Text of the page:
State schools superintendents have banded together to demand that testmakers—and the two consortia building tests for the common standards—adhere to four principles to create “high-quality assessments.”
In a document issued last week, the Council of Chief State School Officers laid out its vision of good tests. It describes how assessment practice should ensure test accessibility and security, and create user-friendly reports that chart students’ progress and provide data that can help guide instruction.
But the bulk of its paper details how tests should reflect the Common Core State Standards in mathematics and English/language arts. In math, for instance, it says that good math tests must gauge a balance of concepts, procedures, and applications, and must link math reasoning and practices to its content. In English/language arts, it says that good tests must assess both reading and writing and be based on “a balance” of literature and informational text.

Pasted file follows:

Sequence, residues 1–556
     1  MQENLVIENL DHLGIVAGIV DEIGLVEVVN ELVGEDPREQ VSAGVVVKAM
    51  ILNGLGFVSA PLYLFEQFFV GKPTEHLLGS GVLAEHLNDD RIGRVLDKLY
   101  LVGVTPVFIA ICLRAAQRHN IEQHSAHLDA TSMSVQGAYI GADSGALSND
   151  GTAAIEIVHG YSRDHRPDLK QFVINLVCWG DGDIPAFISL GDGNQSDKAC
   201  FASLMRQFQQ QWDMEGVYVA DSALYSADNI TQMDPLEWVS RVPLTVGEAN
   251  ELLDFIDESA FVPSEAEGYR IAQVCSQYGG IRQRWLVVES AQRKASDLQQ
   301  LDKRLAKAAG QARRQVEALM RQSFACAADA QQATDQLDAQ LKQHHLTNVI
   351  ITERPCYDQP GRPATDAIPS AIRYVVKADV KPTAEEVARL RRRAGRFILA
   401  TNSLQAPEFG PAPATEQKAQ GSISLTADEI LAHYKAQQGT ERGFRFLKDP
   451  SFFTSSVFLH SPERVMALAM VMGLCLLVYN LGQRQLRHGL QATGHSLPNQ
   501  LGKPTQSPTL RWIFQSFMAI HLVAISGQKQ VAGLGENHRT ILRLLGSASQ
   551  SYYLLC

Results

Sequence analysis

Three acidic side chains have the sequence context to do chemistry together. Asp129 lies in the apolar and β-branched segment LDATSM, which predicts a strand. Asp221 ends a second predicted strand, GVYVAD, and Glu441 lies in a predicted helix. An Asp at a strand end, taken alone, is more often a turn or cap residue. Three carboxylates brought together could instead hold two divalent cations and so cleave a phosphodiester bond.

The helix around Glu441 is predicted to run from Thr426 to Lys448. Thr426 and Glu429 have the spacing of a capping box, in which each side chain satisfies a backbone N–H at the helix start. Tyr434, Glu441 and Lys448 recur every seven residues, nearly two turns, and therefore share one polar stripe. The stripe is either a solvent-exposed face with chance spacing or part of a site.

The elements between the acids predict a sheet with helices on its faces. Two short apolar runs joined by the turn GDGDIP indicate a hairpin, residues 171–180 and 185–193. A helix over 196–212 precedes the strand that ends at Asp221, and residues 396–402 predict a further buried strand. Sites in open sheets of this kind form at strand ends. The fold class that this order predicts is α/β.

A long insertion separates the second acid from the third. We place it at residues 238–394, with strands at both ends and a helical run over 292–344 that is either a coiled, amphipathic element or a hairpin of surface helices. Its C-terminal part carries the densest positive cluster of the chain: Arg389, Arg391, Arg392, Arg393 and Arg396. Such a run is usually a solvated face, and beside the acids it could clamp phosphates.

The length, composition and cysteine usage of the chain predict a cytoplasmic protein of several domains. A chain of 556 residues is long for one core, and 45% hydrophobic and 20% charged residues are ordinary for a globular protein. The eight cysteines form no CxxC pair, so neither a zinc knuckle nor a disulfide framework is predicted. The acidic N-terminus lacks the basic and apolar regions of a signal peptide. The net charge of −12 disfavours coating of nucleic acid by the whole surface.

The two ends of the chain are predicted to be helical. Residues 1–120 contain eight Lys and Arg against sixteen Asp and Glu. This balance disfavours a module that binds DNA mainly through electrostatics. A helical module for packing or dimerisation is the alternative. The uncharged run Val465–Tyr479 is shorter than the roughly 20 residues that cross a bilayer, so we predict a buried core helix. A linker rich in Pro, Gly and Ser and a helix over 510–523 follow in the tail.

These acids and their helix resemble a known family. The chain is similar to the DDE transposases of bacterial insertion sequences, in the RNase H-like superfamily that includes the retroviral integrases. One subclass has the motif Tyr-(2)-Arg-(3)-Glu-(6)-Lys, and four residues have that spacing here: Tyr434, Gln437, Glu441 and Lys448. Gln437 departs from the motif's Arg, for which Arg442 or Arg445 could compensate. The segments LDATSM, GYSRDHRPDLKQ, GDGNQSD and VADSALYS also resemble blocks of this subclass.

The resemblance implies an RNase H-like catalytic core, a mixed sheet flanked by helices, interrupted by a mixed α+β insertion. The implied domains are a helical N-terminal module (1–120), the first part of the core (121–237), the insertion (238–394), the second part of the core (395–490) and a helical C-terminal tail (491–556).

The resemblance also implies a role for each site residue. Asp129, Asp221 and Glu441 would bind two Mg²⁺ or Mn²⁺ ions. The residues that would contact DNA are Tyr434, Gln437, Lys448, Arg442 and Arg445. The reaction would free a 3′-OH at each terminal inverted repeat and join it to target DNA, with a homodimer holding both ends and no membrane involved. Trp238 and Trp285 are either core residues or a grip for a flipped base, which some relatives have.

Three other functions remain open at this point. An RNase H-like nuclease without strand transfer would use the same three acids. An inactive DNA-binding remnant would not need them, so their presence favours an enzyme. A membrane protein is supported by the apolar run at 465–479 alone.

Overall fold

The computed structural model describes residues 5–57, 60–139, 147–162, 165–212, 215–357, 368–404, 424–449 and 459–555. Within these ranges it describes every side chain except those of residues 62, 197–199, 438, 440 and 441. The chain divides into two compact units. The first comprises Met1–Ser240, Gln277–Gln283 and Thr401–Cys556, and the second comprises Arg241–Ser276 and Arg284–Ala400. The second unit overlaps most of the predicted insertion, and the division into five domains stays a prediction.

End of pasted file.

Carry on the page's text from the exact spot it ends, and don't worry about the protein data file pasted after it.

The paper lands as states worry that assessments being designed by the Partnership for Assessment of Readiness for College and Careers, or PARCC, and Smarter Balanced Assessment Consortium, two federally funded state consortia, could cost too much and use up too much instructional time. The CCSSO paper is aimed at urging states to stick by their original vision of good assessment when times get tough. It’s also a lever to pressure test designers to design assessments that truly reflect the common core.